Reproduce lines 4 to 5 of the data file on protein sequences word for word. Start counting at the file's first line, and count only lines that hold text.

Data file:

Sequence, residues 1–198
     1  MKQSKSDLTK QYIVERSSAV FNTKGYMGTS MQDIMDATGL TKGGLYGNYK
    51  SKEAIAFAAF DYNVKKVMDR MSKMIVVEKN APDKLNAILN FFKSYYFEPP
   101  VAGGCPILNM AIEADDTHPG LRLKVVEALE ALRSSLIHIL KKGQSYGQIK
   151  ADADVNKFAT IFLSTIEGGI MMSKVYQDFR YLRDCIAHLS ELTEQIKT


   101  VAGGCPILNM AIEADDTHPG LRLKVVEALE ALRSSLIHIL KKGQSYGQIK
   151  ADADVNKFAT IFLSTIEGGI MMSKVYQDFR YLRDCIAHLS ELTEQIKT